Trigger Warning: Gender-Based Violence
The State Women and Child Development Committee has formed a committee to look into cases of Gender Based Violence (GBV) and its link with unnatural death in women. This committee aims to trace the patterns of injury and violence that are found in the cases of female deaths caused by GBV. This committee is supposed to research and assess these cases and help make policies in accordance with it. In Mumbai, civic-run KEM Hospital Parel reported that in many cases, such deaths are reported as “accidents”.
Gender-based violence, especially the ones that are sexual, is often stigmatised to the extent that the victims are discouraged from seeking legal help. Thus, it makes them vulnerable to a more dangerous situation. Many suicide cases can be traced back to such violent living conditions.
In this regard, a collaborative study conducted with Data for Health initiative by Vital Strategies looked at female autopsies done between May 2017 and April 2022 on Accidental Death Reports.
In the study, 840 cases of unnatural deaths came up of which 181 were allegedly the results of gender-based violence. According to ADR, 42 out of them can be traced back to a history of gender-based violence. The study also highlighted that within these 181 GBV cases, 86 were suicides accounting for 47% percent of the whole, 85 were accidents accounting for 47%, and 10 of them were homicides by intimate partners including one’s husband, accounting for a total of 6% of the whole. The study reported that 136 out of 181 of them fell under the age group of 15 to 44, a total of 75%.
A dissemination meeting conducted based on these reports was attended by Mangal Prabhat Lodha, Minister of the Women and Child Development Department. A dedicated committee has been formed subsequently which will help in policy making under the leadership of the KEM Hospital Dean.
“Even if the hospital has one suspected GBV case, the committee will look into how to identify and prevent it, so that it should not lead to suicide or homicide,” said Sangeeta Ravat, dean of KEM Hospital regarding this initiative.
She also mentioned that she intends to expand the study by adopting an interdisciplinary approach to it. Police, forensics, politicians, NGOs, and doctors need to work together to bring this initiative to fruition. “We also plan to expand the study by collecting data from other autopsy centres to get a wider perspective on GBV,” Dr Ravat added.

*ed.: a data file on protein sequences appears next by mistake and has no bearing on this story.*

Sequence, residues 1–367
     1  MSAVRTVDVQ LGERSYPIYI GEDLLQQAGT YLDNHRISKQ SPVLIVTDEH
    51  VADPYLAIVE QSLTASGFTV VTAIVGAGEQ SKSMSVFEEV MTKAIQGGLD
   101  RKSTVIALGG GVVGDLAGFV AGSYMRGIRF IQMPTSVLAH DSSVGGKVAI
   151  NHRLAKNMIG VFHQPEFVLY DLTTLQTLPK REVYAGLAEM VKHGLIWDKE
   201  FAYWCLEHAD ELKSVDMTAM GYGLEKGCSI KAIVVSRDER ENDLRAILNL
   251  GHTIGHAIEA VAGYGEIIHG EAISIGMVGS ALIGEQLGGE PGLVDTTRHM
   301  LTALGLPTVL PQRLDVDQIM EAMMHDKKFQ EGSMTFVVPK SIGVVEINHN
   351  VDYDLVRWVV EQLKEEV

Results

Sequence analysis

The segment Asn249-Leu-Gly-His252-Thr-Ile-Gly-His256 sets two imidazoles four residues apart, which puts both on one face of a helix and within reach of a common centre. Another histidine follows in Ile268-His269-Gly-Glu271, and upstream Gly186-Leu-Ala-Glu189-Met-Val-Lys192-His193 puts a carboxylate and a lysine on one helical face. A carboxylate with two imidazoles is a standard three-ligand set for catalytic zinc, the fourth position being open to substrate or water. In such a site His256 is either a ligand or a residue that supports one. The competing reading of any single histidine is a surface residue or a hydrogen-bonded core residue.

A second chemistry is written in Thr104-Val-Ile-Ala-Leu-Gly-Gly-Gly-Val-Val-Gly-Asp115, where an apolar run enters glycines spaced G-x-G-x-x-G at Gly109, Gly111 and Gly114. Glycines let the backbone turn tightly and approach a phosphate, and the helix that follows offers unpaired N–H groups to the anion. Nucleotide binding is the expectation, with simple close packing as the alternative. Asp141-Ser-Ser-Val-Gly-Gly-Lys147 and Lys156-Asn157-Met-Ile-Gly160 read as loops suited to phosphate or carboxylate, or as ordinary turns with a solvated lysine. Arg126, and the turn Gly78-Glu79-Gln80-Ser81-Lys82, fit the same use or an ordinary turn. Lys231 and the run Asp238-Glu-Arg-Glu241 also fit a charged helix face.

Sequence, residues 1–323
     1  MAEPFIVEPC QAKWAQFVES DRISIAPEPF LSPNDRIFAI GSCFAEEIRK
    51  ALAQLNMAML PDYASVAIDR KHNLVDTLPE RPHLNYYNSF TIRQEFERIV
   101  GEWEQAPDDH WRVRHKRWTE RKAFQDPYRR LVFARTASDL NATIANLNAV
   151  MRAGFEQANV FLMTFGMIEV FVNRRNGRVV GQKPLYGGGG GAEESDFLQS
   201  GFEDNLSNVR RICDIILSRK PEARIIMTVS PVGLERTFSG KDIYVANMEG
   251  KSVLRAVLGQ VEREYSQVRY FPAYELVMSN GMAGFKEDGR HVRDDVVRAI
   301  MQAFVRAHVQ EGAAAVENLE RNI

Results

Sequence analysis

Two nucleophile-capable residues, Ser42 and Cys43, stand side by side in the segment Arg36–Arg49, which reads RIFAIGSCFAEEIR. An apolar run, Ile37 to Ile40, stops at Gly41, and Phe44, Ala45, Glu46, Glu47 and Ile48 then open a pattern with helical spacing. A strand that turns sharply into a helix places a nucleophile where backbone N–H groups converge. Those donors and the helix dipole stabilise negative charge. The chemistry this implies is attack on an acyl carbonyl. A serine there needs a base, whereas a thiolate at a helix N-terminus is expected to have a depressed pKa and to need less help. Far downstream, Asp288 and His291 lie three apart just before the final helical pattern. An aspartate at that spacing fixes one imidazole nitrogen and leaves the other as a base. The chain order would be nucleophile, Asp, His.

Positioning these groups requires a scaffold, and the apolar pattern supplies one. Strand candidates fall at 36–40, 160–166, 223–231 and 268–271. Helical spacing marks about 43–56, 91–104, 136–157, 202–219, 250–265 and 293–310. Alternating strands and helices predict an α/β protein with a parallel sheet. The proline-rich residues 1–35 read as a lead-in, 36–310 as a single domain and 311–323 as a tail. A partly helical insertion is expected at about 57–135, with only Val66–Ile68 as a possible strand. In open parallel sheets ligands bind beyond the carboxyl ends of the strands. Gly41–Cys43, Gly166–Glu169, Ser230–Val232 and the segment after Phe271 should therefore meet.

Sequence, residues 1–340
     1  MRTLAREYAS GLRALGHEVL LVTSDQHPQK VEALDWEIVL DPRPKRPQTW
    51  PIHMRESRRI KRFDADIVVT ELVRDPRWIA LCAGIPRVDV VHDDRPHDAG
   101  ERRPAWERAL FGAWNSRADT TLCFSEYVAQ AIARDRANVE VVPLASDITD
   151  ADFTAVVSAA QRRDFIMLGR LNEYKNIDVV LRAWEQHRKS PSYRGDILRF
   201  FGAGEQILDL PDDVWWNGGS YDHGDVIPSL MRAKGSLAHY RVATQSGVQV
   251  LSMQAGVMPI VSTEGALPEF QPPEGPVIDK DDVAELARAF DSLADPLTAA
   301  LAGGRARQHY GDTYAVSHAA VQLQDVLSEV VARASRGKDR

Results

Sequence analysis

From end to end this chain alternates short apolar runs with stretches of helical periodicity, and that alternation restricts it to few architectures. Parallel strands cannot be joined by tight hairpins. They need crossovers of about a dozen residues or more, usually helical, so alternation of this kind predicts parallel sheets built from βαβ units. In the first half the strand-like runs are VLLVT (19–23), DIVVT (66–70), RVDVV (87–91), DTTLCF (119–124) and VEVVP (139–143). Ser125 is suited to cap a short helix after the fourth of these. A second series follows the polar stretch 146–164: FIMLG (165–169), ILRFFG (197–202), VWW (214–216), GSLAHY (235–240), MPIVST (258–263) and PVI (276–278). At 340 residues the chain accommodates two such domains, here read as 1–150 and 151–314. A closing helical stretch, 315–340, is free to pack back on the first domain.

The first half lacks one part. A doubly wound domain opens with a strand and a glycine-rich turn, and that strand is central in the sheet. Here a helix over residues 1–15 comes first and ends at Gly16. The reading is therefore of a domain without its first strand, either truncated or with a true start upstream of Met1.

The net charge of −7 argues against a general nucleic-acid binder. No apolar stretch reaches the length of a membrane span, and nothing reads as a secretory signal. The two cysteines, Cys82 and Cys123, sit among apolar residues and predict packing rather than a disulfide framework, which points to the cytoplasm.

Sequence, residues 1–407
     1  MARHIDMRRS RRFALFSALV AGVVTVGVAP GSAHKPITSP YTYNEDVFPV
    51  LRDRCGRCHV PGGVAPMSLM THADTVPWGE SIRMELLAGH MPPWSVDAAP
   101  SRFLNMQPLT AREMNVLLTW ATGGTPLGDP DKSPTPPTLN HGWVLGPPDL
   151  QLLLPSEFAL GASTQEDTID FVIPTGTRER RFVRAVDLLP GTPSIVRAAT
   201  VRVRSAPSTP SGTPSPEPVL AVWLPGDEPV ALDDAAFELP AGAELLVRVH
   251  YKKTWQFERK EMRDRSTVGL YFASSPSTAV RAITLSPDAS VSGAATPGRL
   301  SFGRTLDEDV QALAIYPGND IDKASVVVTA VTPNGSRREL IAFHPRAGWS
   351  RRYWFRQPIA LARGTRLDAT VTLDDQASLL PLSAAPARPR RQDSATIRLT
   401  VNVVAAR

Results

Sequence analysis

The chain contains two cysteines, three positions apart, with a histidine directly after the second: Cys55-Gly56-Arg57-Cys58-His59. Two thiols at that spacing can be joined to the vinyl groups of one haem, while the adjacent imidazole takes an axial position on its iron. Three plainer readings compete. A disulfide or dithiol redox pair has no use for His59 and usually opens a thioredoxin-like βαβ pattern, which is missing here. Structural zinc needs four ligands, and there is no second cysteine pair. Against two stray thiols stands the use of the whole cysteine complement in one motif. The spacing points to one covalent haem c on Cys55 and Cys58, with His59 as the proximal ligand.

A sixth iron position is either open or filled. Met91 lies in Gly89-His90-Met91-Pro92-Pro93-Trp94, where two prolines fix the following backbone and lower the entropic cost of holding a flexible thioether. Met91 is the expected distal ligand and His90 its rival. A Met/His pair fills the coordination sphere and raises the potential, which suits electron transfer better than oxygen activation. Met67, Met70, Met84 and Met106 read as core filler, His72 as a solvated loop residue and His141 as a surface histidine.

In this regard, Dr Harish Pathak, Head of the Department of Forensic Medicine pointed out that 181 cases out of 1467 cases in which an autopsy was carried out in the last five years in his hospital have a history of gender-based violence. He commented that: “Nearly all (99%) of the deaths due to gender-based violence occurred in homes or private spaces. Two-thirds of these women, who died were married and six out of 10 deaths were perpetrated by husbands or intimate partners. A significant proportion of these unnatural deaths are due to accidents and suicides.”
He lauded the study as a step forward toward mitigating gender-based violence that often goes unreported. “The report underscores the need to ensure that all incidents of gender-based violence and femicide are thoroughly investigated and documented to better understand the underlying social context and factors related to violence,” he said.
The study revealed that gender-based violence is a global pandemic that affects one in every three women. Yet, the intensity of this phenomenon often gets neglected due to several social and political factors influencing these cases. The study highlights how cases of femicide or domestic violence leading to deaths are often shoved under the rag with the pretext of unnatural death. Inadequate research in this area owing to data gaps, and poor investigative structure that is often inhibited through various legal constraints. This study offers a deeper insight and understanding of the social context and the victim-perpetrator relationship that often become a key element in cases of gender-based violence.
Dr Nidhi Chaudhary, the principal technical advisor, of the data impact program, Vital Strategies, who participated in the study as part of the technical writing and editing team commented, “though GBVs are happening, they are not identified or categorised as GBV or femicide.”
She also added, “This was a small study but indicative that GBV cases are being missed out. Also, the other learning was related to suicides, which were abetted by GBV as an underline cause. They are again missed out and not reported as GBV or femicide. The study is to look at the data, make it available, and to ensure the data is used for better policy making to prevent GBV.”
According to Dr Harshit Pathak, “ADRs are the first report. We will be trying to find out what happened to the ADRs in the suspected GBVs we found in our study and if it can be probed further. Out of the 181 cases, in 42, we found that either the victim or the relative had given a statement of history of violence. In the rest, there were discrepancies in the pattern of injury circumstances, autopsy findings, and relative statements, which pointed out GBV”.
The study aims to open up a new direction in identifying GBV even when it is not reported or brought under legal purview. The Women and Child Development Department are expected to work closely with this committee and help make policies accordingly. Doctors are expected to trace back these cases to their respective police stations in an attempt to identify suspected cases of GBV. The participants and the undertakers of this study are hopeful that an intuitive approach with a thorough investigation of suspected cases of GBV will bring forward many more unreported cases and make the legal and political arena more vigilant towards it.